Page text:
How to ‘engage users’ by getting rid of public sector jargon
Hurrah for the Local Government Association.
It wants all public sector organisations to ban the appalling jargon and gobbledegook that litter their publications and reports.
The association wants ugly phrases and words to be banned, arguing that they alienate the ordinary person, and are often meaningless.
I applaud this sentiment wholeheartedly.
Is there anything so ugly as listening to someone discuss “blue sky thinking” or “citizen empowerment”?
Why are so many reports bogged down in the sludge of horrible management-speak such as core values, facilitate, edge-fit (what?!), service users, improvement levers, worklessness and – a personal “favourite”, incentivise?
These words and phrases strangle our language and do nothing to “improve our skill set” (sic). They are of such profound hideousness that you might wonder if they fell out of the ugly linguistic tree and hit every branch on the way down before being stamped on by the OED.
These report writers use these phrases because they think it makes them appear clever and professional. No, it doesn’t.
The chairman of the Local Government Association, Cllr Margaret Eaton, said it is vital that councils get their messages across clearly.
“The public sector must not hide behind impenetrable jargon and phrases,” she said.
“Why do we have to have ‘coterminous, stakeholder engagement’ when we could just ‘talk to people’ instead?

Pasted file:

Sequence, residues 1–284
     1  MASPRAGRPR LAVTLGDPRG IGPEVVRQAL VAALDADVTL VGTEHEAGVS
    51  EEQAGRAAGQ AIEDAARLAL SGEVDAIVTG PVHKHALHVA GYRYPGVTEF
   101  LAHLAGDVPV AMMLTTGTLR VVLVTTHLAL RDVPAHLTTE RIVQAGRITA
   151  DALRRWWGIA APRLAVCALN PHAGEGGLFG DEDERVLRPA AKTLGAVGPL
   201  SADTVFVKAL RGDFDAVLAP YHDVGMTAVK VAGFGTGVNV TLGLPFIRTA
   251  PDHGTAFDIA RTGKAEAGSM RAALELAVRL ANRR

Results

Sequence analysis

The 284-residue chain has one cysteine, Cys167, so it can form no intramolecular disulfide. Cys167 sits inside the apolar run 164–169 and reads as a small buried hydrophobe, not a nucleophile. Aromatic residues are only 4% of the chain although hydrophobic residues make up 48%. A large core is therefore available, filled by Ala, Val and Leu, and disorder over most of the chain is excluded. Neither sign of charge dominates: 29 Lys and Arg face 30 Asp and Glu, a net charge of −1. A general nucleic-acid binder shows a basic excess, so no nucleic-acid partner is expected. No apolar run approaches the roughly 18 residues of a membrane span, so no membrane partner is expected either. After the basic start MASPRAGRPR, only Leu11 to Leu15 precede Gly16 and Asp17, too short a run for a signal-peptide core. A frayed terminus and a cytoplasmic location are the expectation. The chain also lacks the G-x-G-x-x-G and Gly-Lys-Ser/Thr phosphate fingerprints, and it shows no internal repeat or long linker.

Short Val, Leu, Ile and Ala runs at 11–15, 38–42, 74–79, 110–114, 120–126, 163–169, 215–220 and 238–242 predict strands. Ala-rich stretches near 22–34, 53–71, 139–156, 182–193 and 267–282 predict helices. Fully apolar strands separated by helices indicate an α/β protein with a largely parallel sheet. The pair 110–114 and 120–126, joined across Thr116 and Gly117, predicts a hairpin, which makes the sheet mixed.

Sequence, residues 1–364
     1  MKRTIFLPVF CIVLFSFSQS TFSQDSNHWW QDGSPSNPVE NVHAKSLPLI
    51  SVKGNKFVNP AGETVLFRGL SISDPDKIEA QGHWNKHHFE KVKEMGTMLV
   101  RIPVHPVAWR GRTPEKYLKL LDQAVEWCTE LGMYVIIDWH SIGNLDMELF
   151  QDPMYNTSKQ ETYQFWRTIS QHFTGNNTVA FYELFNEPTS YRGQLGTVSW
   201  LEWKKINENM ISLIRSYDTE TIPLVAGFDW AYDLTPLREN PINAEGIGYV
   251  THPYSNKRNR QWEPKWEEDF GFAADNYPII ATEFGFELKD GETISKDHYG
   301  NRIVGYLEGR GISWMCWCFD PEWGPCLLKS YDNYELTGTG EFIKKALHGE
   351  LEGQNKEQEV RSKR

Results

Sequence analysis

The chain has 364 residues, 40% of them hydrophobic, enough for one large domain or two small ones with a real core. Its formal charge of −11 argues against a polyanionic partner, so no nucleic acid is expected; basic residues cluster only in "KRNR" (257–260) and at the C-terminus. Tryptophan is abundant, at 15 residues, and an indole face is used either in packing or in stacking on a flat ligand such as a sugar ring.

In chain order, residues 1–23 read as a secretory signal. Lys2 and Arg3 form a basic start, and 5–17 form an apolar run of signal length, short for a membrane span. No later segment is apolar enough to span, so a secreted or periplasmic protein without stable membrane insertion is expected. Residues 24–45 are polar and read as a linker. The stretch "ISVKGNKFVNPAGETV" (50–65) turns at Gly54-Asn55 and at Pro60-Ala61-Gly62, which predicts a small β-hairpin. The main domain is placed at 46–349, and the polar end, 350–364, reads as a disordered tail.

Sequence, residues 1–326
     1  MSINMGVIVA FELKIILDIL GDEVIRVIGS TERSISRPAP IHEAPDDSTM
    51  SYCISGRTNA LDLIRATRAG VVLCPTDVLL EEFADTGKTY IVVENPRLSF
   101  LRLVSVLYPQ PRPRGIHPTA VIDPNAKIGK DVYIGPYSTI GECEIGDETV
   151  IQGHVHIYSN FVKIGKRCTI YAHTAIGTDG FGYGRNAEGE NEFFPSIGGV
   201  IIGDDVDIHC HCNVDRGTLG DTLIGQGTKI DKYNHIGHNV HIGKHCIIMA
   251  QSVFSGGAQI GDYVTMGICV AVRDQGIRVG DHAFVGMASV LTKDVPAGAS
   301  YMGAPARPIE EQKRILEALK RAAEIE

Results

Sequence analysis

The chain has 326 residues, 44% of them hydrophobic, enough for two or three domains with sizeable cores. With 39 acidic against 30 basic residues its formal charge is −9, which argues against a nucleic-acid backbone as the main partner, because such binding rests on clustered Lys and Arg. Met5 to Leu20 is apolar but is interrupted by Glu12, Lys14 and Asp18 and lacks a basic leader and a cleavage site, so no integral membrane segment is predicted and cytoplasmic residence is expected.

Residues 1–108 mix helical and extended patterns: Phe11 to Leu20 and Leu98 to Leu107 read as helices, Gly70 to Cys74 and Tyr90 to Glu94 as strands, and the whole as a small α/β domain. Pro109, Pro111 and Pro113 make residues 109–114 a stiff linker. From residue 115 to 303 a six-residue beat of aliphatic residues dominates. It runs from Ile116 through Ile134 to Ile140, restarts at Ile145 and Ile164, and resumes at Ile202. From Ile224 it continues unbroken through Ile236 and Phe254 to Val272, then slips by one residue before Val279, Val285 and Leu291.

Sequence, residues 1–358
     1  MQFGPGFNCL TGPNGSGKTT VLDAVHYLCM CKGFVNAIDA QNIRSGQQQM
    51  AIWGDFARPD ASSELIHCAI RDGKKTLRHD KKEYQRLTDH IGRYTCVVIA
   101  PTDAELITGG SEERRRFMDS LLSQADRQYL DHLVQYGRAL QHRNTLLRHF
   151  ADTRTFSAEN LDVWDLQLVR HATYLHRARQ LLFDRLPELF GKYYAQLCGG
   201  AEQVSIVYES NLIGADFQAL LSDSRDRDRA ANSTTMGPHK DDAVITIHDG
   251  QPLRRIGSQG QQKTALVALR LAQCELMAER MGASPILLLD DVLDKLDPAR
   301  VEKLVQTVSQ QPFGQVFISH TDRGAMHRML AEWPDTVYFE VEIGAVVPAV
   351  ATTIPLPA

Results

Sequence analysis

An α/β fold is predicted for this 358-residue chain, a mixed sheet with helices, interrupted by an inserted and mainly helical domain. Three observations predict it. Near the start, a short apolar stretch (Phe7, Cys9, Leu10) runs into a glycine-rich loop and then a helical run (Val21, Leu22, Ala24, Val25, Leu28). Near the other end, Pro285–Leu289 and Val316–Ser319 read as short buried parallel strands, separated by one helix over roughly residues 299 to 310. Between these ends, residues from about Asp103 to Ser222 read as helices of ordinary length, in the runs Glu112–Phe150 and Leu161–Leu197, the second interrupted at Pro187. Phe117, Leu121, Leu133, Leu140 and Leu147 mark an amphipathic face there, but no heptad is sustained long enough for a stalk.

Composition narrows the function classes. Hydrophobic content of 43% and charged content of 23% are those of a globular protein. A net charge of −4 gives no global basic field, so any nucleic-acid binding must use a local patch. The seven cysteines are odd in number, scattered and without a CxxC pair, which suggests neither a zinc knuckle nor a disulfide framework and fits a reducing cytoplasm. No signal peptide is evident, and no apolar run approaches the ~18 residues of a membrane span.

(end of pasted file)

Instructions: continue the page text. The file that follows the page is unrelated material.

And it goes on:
“Councils have a duty, not only to provide value for money to local people, but also to tell people what they get for the tax they pay. People would be furious if they have no idea of what services their cash is paying for and how they should get to use them. “
Who’d disagree with that?
There are some words and phrases that might (and I say “might” with extreme trepidation) have their place in the privacy of the boardroom, where inter-departmental co-workers might wish to cross-fertilise their ideas and champion collaborative best practice so that they are coterminous for the end user/client. At this point in time. Naturally.
But, for heaven’s sake, don’t be lazy and trot out these sterile phrases because you can’t be bothered to think outside of the box (sic) and engage with the populace or other stakeholders in a meaningful way. Such parameters are not good network models. We want the outcomes to be normalised.
So let’s embrace the LGA’s wish and be proactive in streamlining the potentialities of negative strategic priorities outcomes.
It’s time for these local authorities to interface with the agencies and engage in place shaping so that multidisciplinary practitioners can look at them as beacons of communication.
After all, we live in a can-do culture where there is sufficient capacity building to overcome such challenges.
Consider it actioned.